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    Seetal Solanki’s Bookshelf

Fashion

Bookshelf: Textile designer Seetal Solanki revelas her five most inspiring books

Posted by Liv Siddall,

Seetal has come a long way since being an exceptional Central Saint Martins grad. She now runs her very own studio which does everything from styling to screenprinting workshops, from menswear design to creative direction. What they really specialise in however is textile design – and what textile designs! Seetal has a serious talent when it comes to designing some of the most beautiful, well-informed repeat pattern you may ever have come across. No wonder she’s got the entire fashion world queueing up to collaborate with her. Her bookshelf is, unsurprisingly, injected with fashion, style and a big ol’ dose of craft. Enjoy!

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    Larry Towell: The World from My Front Porch

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    Larry Towell: The World from My Front Porch

Larry Towell: The World from My Front Porch

This book in its pure simplicity is about the "everyday. Everything that has happened outside and inside of Towell’s front porch. Objects he’s found, kittens being born, fishing, swimming and life being created. There is such beauty in life and living.

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    Kodansha: Tools. Real Stuff for Future Classics. Users Guide Book/Includes 282 Items

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    Kodansha: Tools. Real Stuff for Future Classics. Users Guide Book/Includes 282 Items

Kodansha: Tools. Real Stuff for Future Classics. Users Guide Book/Includes 282 Items

This book to me captures this quote from Charles Eames perfectly: “The uncommon beauty in common things…” This book captures the love I have for design, craft and products. The Japanese really know how to get it right when it comes to craft. From the layout, paper, the graphic design and product selection is so perfect you just want to own everything that appears in this wonderful gem of a book.

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    Weltkulturen Museum – Trading Style

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    Weltkulturen Museum – Trading Style

Weltkulturen Museum – Trading Style

Travel and people are a big part of my hobbies and inspirations. I love the transition between indigenous tribes/people and style. Whatever tribe it may be there is something to be said for how they create their own identity through dress and for it all having a purpose. Saying this, the influence these tribes have had within modern society is something that can’t be missed. As they say, they don’t make them like they used to.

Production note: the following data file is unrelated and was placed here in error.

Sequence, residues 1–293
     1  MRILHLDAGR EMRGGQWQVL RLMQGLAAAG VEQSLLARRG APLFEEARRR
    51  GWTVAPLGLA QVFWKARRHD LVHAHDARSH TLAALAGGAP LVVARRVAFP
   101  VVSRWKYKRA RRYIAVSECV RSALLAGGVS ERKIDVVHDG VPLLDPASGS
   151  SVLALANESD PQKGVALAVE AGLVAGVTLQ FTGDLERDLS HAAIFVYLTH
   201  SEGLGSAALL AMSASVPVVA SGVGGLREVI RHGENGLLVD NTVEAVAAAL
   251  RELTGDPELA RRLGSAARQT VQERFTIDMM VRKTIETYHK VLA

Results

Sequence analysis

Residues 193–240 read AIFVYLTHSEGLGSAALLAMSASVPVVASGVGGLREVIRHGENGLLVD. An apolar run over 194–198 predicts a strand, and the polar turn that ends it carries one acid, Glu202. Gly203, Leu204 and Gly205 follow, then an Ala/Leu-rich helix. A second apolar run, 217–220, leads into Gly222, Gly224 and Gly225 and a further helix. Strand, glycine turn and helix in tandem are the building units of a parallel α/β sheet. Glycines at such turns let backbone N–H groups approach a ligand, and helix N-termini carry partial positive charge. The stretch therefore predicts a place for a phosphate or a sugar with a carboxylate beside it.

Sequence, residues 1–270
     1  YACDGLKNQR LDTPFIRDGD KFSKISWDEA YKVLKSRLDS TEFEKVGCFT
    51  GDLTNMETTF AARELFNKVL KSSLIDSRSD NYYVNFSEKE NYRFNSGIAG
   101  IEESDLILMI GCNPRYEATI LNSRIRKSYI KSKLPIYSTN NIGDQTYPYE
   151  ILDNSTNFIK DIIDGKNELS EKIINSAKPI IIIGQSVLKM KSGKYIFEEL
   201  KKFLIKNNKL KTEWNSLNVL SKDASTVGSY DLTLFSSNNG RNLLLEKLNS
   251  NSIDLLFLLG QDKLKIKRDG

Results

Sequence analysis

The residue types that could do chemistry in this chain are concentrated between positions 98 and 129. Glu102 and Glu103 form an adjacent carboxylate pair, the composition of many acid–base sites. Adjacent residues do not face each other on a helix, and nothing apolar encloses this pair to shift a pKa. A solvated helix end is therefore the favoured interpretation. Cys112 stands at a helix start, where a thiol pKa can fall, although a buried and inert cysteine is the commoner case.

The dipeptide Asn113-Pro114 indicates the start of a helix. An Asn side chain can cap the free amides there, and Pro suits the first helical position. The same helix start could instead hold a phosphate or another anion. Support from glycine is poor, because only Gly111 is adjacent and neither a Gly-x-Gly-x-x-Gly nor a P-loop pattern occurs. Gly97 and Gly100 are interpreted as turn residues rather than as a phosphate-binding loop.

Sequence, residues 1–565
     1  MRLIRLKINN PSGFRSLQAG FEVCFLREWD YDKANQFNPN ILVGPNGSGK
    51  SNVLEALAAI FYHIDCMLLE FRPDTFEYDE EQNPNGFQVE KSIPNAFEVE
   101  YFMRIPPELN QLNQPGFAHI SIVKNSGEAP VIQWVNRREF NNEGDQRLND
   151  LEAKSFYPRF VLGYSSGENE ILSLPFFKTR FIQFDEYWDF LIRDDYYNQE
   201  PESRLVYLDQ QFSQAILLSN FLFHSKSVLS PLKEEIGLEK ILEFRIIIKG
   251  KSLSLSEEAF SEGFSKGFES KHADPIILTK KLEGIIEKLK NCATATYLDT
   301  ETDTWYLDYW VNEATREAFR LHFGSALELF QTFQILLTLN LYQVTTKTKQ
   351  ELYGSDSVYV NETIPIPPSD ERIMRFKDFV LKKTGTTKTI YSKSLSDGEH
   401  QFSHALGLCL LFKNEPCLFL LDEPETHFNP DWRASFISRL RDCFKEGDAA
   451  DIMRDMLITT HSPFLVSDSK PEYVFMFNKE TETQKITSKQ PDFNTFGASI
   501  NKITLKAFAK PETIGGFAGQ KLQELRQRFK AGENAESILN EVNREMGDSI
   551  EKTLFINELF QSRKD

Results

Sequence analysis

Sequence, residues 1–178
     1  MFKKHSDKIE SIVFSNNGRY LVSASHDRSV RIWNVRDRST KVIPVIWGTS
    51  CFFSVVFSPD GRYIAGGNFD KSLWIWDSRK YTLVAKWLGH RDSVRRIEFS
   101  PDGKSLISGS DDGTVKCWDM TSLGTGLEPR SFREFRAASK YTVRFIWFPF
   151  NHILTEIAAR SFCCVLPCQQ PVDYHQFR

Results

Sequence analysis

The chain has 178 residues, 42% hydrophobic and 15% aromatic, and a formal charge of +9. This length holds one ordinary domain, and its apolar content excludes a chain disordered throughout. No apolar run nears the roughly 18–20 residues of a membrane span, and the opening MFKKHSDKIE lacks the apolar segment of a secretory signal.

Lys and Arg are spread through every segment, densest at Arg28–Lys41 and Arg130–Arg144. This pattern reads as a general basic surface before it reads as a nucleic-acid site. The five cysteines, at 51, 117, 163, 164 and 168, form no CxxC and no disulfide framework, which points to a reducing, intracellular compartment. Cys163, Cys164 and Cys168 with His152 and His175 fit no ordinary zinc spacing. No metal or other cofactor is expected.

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    Rin Tanaka: No.1 Heller’s Cafe. Featuring Americana Clothing from Larry’s Collection

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    Rin Tanaka: No.1 Heller’s Cafe. Featuring Americana Clothing from Larry’s Collection

Rin Tanaka: No.1 Heller’s Cafe. Featuring Americana Clothing from Larry’s Collection

This was a rare find and a true gem for my collection of books. Rin Tanaka is a genius, especially when it comes to the past and menswear. I am on a mission to get the rest of the Freedamn books to complete my collection. Menswear is a huge passion of mine and Tanaka captures it in the best way possible. He refers to the past and tradition, and what a past it has been.

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    Patti Smith: Just Kids

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    Patti Smith: Just Kids

Patti Smith: Just Kids

Music is a big part of my inspiration and really couldn’t live without it. Patti Smith is someone I have always loved and reading her bio just made me love her even more. Her journey, her life, her lack of self belief and so much more. One of my most favourite books I’ve read in a very long time.

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    Seetal Solanki’s Bookshelf

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    Seetal Solanki’s Bookshelf

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Posted by Liv Siddall

Liv joined It’s Nice That as an intern in 2011 and is now one of our editors. She oversees itsnicethat.com and has a particular interest in illustration, photography and music videos. She is also a regular guest and sometime host on our Studio Audience podcast.